As the countdown begins for the Christmas season in Liberia, the quasi totality of the population is very worried. They are worried because, according to the tradition here, parents have to make special preparations for this season. The children have to wear new clothes and shoes, and eat their favorite food on that day. Then, they have to be given the ways and means to go to recreation centers. Liberians in majority are worried because they are finding it difficult to make ends meet.
Seating in the Haitai shop, a glass of Haitai in his hand, Maxim Kpatcha, 54, looks very pensive as he zips the hot tea. “Max, what’s up my man? Are you with us or you are far away? Looking at you, it looks like you are worrying over something.” His friend AB Fallah asks?
“AB, my man, right now my brain is very hot. I am thinking, thinking, and thinking, and I cannot find the solution to my problem. I don’t know what to do. Christmas is right in the corner and until now, I don’t know how I am going to get new clothes for my kids. I know that day we will just cook dry rice.” Maxim lamented.
AB gets up from his seat and dresses near his friend, puts his right hand on his left shoulder, few taps, and starts to talk to him. “Look Maxim, you are not the only one who gets such a problem in this country right now, so you have to put yourself together and stop thinking too much before you drop and die from high blood pressure. Come on man, look around you a while, and you will understand what is happening.” He says to Maxim.
“Boss man, one more glass for you? That one that free for you boss, so your heart will cool down. You know boss, me, I think God not agree yet that why; pray boss, pray and every thing will be alright one day.” Hamidou, the owner of the Haitai shop, tells Maxim.
Maxim plunks down a paper he was holding in his right hand, yanks to him a small receiver that was playing Ghanaian music, turns it off, and begins to answer Hamidou: “Look you, when we are talking about Christmas, don’t talk inside because you are not a Christian and this is not your feast. You don’t understand the importance of this season Hamidou, so stay far from this discussion.”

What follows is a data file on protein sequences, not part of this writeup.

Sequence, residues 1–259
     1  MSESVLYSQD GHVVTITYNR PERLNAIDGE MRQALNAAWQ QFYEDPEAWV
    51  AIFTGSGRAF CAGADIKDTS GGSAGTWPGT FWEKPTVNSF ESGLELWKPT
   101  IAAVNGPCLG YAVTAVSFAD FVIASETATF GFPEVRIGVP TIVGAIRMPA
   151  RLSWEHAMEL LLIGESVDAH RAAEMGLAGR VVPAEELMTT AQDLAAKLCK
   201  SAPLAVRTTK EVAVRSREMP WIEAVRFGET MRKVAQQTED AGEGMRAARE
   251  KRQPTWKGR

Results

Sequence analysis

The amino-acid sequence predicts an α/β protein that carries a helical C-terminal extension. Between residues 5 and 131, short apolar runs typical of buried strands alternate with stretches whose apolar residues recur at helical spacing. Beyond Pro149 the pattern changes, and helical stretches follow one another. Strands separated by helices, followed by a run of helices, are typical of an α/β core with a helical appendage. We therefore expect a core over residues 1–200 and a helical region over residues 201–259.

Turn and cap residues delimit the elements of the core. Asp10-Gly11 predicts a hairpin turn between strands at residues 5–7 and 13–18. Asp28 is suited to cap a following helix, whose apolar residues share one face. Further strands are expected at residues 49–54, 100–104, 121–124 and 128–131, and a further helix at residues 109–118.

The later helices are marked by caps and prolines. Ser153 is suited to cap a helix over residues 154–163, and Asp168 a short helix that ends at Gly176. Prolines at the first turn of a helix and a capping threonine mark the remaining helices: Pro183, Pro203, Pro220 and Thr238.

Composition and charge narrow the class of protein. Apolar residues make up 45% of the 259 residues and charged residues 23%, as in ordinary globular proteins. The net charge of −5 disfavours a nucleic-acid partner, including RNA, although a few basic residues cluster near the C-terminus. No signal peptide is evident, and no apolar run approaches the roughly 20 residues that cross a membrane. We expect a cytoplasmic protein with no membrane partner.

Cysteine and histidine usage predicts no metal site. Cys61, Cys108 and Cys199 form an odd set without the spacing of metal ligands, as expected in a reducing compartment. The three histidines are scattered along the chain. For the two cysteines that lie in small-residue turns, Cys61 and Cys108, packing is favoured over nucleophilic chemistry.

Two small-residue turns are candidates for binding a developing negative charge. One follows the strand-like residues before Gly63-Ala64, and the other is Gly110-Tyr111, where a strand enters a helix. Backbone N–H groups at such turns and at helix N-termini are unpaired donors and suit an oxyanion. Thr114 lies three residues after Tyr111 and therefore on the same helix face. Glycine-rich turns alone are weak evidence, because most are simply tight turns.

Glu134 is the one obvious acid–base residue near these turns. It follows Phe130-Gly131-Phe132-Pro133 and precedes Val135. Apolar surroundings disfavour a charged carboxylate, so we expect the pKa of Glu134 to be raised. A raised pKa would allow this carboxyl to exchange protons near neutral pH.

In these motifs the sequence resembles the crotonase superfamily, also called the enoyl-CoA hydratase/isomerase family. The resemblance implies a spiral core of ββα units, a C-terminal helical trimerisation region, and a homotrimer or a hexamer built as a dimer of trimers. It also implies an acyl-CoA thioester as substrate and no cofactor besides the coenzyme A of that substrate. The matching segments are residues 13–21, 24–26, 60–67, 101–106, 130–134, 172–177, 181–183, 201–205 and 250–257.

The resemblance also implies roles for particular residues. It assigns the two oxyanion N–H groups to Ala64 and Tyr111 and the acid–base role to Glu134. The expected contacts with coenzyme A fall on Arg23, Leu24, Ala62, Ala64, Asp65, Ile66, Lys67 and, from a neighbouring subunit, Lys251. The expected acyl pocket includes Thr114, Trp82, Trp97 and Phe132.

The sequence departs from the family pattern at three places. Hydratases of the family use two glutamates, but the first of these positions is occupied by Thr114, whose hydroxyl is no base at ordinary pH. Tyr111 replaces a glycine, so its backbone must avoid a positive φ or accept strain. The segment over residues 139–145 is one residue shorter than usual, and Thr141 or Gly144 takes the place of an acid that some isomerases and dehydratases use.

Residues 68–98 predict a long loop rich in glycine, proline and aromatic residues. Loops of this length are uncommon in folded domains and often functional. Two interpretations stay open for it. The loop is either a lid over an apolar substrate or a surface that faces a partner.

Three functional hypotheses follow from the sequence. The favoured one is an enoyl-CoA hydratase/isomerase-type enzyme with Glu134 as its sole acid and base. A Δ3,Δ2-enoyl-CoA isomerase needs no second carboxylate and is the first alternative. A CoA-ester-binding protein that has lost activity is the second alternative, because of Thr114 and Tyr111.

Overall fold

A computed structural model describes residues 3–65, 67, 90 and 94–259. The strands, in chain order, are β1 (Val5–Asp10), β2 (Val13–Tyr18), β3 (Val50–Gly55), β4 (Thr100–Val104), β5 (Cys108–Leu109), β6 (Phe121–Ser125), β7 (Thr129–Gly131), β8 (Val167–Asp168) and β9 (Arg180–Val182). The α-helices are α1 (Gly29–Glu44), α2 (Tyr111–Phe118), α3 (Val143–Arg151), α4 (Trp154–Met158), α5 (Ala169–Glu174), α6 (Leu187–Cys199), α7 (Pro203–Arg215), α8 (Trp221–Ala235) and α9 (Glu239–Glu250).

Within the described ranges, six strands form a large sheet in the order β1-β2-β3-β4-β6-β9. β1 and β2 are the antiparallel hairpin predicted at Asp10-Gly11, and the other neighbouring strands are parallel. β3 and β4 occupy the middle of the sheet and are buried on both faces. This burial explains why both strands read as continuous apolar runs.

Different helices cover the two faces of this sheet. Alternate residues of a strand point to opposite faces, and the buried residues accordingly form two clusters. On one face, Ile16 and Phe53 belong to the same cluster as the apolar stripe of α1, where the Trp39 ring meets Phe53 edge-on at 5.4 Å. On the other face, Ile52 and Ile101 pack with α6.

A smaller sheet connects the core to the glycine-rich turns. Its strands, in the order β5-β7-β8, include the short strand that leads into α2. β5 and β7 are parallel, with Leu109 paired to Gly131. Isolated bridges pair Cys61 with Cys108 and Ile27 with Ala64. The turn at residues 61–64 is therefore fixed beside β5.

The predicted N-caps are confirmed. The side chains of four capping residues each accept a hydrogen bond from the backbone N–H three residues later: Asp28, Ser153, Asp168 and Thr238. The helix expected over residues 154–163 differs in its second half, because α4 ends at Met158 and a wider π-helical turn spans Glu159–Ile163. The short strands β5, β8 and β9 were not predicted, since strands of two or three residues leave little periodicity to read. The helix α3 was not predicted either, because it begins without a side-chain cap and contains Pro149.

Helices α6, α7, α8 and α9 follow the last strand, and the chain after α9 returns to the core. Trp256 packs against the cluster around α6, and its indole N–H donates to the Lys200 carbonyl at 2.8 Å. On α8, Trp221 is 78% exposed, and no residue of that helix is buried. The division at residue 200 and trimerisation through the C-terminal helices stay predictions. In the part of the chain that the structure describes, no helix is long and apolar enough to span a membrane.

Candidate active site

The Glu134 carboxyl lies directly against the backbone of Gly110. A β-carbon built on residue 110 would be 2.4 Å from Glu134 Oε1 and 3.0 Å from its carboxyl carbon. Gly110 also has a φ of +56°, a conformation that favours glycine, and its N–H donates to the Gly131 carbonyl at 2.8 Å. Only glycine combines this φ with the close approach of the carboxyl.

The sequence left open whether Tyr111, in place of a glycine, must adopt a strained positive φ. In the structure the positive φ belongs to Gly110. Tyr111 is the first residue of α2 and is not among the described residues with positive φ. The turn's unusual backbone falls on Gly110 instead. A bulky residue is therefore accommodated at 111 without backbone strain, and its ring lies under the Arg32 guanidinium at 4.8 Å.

“Sorry oh, boss man. I just wanted to give my own na advice oh. That true that I not Christian but we the Muslims have our Christmas too, and when the time comes we suppose to do the same thing for our children and wives. I can start putting money on the side every day until the time comes.” Hamidou responds.
George Glah, 51, who has been listening to the conversation between Max, AB and Hamidou, intervenes to call out to Maxim in this manner. “Look my brother Maxim, I understand your concern and preoccupation, but I want you to look around and tell me if you feel the fever of the season as it used to be during our days.
“I mean, during our days, few days from Christmas, you could feel the fever all over the place. All shopping centers used to be packed to capacity every day, during two weeks preceding the main the day. Those were the days when government employees’ salaries were enough to buy whatever the wanted for their kids. Now, things are different; commodities are very expensive on the market and the salaries can no longer bear the weight”, he says.
AB follows suit by telling Maxim that he has “to catch up with the reality of our days. For instance you can talk to your kids and make them to understand that things will not be the same this year. I am sure the kids will hear you.”
“Well, I think you all for your moral support. I think there is no need to seat and be crying over this thing. Hamidou, give a round of Haitai on me”, he says.